Sunday, November 13, 2016

Bates Motel: There's No Place Like Home Review


There's No Place Like Home develops Norman Bates into a truly reprehensive and repulsive figure, one who now no longer sympathetic but evil, selfish, and monstrous.  It's an excellent episode and a fine showcase for the criminally overlooked Freddie Highmore.  We finally see, really early in Season Four, the cold monster beneath the sweet face, and There's No Place Like Home is, I think, Highmore's episode, his finest hour so far, and a sign that he should have a great career.

Norman Bates (Highmore) seems happy and aware that he has problems.  What he isn't aware of is that his beloved Mother Norma Bates (Vera Farmiga) has gotten married to Sheriff Alex Romero (Nestor Carbonell).  Norma has deliberately kept this hidden...but like all things kept hidden, it was bound to come out.  It comes out through a very bad way: Norman comes across an article on the marriage while doing some papier-mâché.  Hell has few furies like a clinging boy finding he has a new stepfather, and now it's Norman's turn to get even by doing a little psychological torture.

He calls the house and gets Romero, so there is already a strong suggestion that he knows.  Norma is at a loss to what to do: she loves Romero, but she loves Norman.  Her balancing act can't be kept up for much longer, especially since nothing legally binds Norman from staying at the Pineview Mental Hospital.

Perhaps the information his half-brother/uncle Dylan Massett (Max Thieriot) could help.  As he keeps digging into what happened to his girlfriend Emma's mother Audrey.  More evidence comes his way through a letter Audrey had written that was in Norman's room, but Norma still won't give the idea that Norman is connected with Audrey any consideration.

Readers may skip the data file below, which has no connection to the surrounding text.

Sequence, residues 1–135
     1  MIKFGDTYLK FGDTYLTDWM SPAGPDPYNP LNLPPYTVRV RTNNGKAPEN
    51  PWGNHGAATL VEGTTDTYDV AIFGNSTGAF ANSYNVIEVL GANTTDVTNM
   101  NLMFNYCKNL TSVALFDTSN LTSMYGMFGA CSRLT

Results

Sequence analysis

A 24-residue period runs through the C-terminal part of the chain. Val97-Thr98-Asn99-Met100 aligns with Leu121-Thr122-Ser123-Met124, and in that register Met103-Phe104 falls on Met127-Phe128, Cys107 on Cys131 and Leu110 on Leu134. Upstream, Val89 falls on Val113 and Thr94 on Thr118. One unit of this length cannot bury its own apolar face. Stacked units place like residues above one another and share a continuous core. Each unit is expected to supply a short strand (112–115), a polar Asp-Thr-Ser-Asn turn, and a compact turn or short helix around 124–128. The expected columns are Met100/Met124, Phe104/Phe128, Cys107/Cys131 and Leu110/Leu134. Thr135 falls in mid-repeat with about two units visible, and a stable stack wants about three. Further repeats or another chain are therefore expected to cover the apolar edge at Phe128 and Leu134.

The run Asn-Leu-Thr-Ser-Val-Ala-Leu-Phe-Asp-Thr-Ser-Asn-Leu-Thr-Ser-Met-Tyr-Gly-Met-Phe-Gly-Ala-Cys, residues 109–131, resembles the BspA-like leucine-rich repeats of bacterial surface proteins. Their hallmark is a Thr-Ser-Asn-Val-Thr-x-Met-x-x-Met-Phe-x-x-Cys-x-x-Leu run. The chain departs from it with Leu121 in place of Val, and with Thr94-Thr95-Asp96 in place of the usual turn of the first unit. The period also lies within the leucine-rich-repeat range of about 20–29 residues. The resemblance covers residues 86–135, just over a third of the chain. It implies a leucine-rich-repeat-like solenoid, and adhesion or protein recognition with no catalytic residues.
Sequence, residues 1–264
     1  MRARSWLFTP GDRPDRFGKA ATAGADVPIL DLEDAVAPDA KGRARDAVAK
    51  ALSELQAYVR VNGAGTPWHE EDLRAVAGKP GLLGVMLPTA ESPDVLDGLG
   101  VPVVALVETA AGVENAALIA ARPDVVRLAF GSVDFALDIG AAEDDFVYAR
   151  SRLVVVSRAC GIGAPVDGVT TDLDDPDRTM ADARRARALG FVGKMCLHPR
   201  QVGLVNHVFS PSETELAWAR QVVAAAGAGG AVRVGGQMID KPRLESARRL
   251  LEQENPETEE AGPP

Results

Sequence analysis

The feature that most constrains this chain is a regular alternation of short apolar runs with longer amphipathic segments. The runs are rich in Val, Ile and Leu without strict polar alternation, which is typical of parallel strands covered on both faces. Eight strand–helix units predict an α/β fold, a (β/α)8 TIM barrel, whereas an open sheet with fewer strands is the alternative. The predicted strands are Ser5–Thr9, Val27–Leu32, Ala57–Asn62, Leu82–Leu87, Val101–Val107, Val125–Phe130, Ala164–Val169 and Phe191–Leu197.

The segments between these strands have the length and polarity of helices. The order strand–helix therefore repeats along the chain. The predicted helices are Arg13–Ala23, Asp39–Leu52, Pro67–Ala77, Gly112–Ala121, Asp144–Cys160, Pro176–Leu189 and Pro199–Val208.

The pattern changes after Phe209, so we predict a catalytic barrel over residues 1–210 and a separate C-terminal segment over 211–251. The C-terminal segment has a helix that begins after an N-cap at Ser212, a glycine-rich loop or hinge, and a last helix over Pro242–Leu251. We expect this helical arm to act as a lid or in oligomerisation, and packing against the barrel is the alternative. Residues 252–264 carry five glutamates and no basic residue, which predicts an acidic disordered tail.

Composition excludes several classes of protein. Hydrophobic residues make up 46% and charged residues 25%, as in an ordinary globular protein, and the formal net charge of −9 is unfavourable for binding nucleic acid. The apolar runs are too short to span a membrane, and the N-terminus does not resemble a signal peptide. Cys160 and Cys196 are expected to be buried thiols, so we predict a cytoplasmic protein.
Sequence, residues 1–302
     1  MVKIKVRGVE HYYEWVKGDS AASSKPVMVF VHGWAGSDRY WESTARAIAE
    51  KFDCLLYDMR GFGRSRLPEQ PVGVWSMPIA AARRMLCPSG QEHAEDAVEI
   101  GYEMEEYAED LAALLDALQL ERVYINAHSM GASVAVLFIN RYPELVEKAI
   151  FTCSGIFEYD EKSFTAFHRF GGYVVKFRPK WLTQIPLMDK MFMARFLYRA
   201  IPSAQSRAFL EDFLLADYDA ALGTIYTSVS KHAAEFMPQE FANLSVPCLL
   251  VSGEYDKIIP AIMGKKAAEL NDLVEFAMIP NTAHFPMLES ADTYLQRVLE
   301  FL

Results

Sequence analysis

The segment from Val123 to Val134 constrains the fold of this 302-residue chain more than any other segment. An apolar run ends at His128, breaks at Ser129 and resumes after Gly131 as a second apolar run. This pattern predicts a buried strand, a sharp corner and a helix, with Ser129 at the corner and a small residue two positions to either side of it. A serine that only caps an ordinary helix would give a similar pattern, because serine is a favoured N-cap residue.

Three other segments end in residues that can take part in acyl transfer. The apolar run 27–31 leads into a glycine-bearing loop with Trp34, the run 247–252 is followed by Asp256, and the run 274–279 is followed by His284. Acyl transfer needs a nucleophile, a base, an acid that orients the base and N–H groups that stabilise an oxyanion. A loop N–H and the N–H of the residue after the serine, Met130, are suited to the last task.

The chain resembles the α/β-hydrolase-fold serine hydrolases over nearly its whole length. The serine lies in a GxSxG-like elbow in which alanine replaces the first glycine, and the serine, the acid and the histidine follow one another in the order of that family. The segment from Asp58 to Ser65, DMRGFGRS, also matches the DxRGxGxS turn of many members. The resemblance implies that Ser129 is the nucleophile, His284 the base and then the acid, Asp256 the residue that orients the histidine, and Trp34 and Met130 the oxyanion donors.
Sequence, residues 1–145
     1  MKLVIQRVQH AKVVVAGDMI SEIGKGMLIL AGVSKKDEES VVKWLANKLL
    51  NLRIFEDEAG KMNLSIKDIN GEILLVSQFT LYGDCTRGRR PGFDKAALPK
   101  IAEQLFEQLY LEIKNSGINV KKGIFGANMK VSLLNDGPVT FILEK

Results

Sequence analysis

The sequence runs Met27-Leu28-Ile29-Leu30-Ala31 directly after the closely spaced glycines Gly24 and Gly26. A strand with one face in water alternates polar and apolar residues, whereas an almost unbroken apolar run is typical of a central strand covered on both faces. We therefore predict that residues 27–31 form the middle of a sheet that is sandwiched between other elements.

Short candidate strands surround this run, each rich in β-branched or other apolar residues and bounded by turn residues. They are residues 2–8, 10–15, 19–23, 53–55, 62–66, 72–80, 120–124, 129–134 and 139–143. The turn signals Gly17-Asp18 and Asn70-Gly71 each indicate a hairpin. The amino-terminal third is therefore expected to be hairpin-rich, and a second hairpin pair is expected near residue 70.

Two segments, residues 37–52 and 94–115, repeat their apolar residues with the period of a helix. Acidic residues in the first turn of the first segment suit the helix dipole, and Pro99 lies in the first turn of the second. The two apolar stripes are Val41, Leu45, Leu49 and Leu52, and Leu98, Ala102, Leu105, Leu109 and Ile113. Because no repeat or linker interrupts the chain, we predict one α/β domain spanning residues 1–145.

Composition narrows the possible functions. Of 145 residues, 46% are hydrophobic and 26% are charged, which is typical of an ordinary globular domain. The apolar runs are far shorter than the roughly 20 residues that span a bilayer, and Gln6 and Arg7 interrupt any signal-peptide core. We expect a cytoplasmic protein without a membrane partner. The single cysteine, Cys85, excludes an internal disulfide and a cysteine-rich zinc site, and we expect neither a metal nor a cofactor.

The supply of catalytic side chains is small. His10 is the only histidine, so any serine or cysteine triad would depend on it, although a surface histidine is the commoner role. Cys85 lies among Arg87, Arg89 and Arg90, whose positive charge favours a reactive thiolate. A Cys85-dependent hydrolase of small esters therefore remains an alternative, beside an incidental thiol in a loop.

At long last, Norman Bates plans to come home, aware of all except Romero's plan to launder the money he's hidden from Bob Paris' killing through Norma, who reluctantly accepts it for upgrades to the house.

There's No Place Like Home illustrates how dumb Normero were.  Throughout the whole episode I kept wondering why Norma or Romero didn't have some plan as to how to tell Norman of their relationship.  Again and again I kept wondering why these two kept putting off the inevitable.

However, despite what I consider Normero's idiocy (and what must have pleased the Normero shippers by showing them indulge in the pleasures of the flesh), There's No Place Like Home clearly is Highmore's Emmy submission tape.

Highmore is simply brilliant in this episode, going through all ranges in his portrayal of Norman Bates.  He is cold, manipulative, crying easily but moreover, the first time I could say that Norman Bates is evil.  This was the first time I felt repulsed by Norman, a person who through most of Bates Motel was almost always shown as somewhat sympathetic.

No more, as Highmore's Norman was possessive, selfish, unwilling to let Mother go, and one who was using his power over his mother to get at her, to be as passive-aggressive as he could be.  His cruelty coupled with his selfishness makes him highly dangerous, and by now there seems to be no return, no hope for redemption for our troubled child.

At this point, Norman Bates is no longer doomed to cross that line from being mentally troubled to being troubled and irredeemably evil.  He has, wittingly or not, made his decision.

I confess to not remembering much of There's No Place Like Home apart from Highmore's simply excellent performance and Norma/Romero's ineptness in handling the situation.  It's both a showcase for Freddie Highmore and a great set up for an inevitable and tragic conclusion to this Mother-Love.   


Next Episode: Unfaithful

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